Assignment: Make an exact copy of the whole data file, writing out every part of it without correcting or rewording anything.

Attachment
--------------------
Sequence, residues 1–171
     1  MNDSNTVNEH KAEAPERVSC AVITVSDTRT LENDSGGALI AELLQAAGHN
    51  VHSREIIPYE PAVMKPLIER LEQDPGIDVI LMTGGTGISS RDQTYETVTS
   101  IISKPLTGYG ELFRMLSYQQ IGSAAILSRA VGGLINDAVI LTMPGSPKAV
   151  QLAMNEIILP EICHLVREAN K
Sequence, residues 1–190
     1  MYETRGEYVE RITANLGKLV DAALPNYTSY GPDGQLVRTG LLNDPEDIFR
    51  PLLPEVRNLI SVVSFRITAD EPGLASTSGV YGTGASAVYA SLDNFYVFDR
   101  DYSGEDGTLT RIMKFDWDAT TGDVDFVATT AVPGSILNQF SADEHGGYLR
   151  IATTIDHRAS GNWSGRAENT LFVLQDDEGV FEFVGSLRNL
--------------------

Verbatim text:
Sequence, residues 1–171
     1  MNDSNTVNEH KAEAPERVSC AVITVSDTRT LENDSGGALI AELLQAAGHN
    51  VHSREIIPYE PAVMKPLIER LEQDPGIDVI LMTGGTGISS RDQTYETVTS
   101  IISKPLTGYG ELFRMLSYQQ IGSAAILSRA VGGLINDAVI LTMPGSPKAV
   151  QLAMNEIILP EICHLVREAN K
Sequence, residues 1–190
     1  MYETRGEYVE RITANLGKLV DAALPNYTSY GPDGQLVRTG LLNDPEDIFR
    51  PLLPEVRNLI SVVSFRITAD EPGLASTSGV YGTGASAVYA SLDNFYVFDR
   101  DYSGEDGTLT RIMKFDWDAT TGDVDFVATT AVPGSILNQF SADEHGGYLR
   151  IATTIDHRAS GNWSGRAENT LFVLQDDEGV FEFVGSLRNL